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Business is down but San Diego's El Pollo Grill uses social media, promotions to drive to attract customers

Nearly two months ago, El Pollo Grill reduced hours for many employees amid the pandemic, but decided against laying off workers and temporarily closing.

SAN DIEGO — Businesses affected by coronavirus are still trying to find their way during the pandemic. El Pollo Grill, which has three locations in San Diego County, is working hard to attract customers through promotions and social media.

“I’m that type of entrepreneur that will make changes in a heartbeat, blink of an eye, I’ll make those changes no questions,” said Victor Lopez, whose parents started the business in 1983.

El Pollo Grill, like all California restaurants, was forced to serve customers by carry-out and delivery only. For Cinco de Mayo, they offered unprecedented specials to spread the word that resulted in unprecedented demand.

“The demand was so overwhelming with people calling, the phone never stopped ringing, the online orders never stopped,” said Lopez.

The restaurant ended up having to cancel orders and issue many apologies to disappointed customers during a time when fewer of them are coming in.

“I don’t think any restaurant as ever experienced anything like this,” Lopez said.

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Nearly two months ago, El Pollo Grill reduced hours for many employees, but decided against laying off workers and temporarily closing.

“At that moment, two months ago, I would have preferred [to close], you know? But now I’m glad I didn’t. We stayed open and a lot of restaurants stayed open,” reflected Lopez.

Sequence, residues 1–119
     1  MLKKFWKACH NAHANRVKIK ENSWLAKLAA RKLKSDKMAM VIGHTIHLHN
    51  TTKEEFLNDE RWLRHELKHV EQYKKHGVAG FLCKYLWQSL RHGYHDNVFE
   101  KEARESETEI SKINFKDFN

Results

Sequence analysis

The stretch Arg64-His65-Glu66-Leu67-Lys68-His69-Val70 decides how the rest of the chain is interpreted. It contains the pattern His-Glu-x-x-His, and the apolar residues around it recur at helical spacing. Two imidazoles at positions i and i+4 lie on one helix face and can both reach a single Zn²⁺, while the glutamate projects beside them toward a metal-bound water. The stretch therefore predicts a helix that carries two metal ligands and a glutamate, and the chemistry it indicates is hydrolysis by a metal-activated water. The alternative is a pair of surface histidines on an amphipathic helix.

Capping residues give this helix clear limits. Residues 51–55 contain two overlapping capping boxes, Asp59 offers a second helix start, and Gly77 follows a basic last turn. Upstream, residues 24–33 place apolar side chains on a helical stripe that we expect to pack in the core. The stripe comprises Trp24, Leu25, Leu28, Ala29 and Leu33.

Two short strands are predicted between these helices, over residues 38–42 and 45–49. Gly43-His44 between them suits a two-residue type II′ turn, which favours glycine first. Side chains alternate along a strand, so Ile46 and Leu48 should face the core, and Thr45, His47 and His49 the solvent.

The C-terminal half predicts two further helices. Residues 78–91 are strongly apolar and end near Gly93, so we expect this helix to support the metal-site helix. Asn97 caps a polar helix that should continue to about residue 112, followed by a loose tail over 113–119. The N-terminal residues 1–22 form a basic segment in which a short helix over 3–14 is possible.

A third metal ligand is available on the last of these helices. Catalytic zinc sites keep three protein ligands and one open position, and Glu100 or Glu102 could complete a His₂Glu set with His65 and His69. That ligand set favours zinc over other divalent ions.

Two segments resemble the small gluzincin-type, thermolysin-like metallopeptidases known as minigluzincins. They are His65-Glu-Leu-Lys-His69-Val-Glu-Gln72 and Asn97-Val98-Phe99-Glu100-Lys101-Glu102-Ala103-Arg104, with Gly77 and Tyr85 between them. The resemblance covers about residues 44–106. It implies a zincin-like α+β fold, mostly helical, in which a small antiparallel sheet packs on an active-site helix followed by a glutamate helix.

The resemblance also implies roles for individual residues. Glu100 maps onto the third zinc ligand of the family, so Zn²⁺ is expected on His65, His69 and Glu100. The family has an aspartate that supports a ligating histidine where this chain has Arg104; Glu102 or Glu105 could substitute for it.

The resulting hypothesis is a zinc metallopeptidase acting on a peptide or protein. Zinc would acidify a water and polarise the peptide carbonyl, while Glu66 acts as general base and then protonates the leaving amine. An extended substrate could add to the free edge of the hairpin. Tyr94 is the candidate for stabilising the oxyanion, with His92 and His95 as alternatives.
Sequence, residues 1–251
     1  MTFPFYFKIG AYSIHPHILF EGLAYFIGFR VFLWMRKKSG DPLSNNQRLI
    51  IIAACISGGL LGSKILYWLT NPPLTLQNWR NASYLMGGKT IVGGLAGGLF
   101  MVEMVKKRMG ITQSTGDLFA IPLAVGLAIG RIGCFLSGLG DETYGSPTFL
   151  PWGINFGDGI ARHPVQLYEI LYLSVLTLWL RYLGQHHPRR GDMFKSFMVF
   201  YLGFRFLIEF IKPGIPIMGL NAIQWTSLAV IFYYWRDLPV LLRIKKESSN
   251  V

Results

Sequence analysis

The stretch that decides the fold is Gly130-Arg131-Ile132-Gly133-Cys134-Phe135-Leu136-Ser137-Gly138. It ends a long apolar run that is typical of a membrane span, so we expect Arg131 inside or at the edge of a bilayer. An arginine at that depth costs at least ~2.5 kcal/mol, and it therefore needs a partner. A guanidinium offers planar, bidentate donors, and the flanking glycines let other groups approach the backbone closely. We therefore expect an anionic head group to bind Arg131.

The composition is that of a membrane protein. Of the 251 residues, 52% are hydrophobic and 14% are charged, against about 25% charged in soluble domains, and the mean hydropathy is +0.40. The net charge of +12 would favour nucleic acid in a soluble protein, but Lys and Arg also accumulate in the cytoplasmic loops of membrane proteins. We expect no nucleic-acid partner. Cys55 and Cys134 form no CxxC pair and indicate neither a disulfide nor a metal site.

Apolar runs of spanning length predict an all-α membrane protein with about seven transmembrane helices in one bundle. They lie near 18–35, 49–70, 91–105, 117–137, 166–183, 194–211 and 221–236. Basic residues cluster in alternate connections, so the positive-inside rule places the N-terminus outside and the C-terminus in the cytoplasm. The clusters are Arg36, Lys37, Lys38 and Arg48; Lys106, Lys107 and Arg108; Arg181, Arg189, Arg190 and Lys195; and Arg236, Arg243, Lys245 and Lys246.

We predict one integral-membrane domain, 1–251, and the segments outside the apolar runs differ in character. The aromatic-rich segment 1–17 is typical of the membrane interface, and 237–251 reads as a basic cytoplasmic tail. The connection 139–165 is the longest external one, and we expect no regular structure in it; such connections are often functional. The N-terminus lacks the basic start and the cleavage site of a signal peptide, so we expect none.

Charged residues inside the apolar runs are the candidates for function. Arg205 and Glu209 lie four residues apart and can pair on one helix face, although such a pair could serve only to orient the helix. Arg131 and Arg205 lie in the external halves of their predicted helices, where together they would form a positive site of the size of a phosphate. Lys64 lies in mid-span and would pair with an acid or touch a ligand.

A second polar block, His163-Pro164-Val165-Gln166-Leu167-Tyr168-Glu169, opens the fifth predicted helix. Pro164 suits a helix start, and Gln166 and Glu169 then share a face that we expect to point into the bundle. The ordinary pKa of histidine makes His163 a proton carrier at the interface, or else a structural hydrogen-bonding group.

To help cover some costs, he applied for the Small Business Administration’s Payroll Protection Program. It gives forgivable loans to eligible businesses if they keep employees on the payroll for eight weeks and the loan money is used for payroll, rent, mortgage interest or utilities.

It took several weeks to get approved, but Lopez finally completed the paperwork on Sunday. El Pollo Grill is in a less urgent situation than others because they were able to keep their doors open, but he said the money provides an essential cushion to weather the pandemic as funding for other federal programs, like the Pandemic Unemployment Compensation that gives unemployed workers an extra $600 a week, runs out.

“It’s hit the small businesses, but down the line is when we’re going to know if we need the money,” said Lopez. “Down the line, the recession is going to hit us.”

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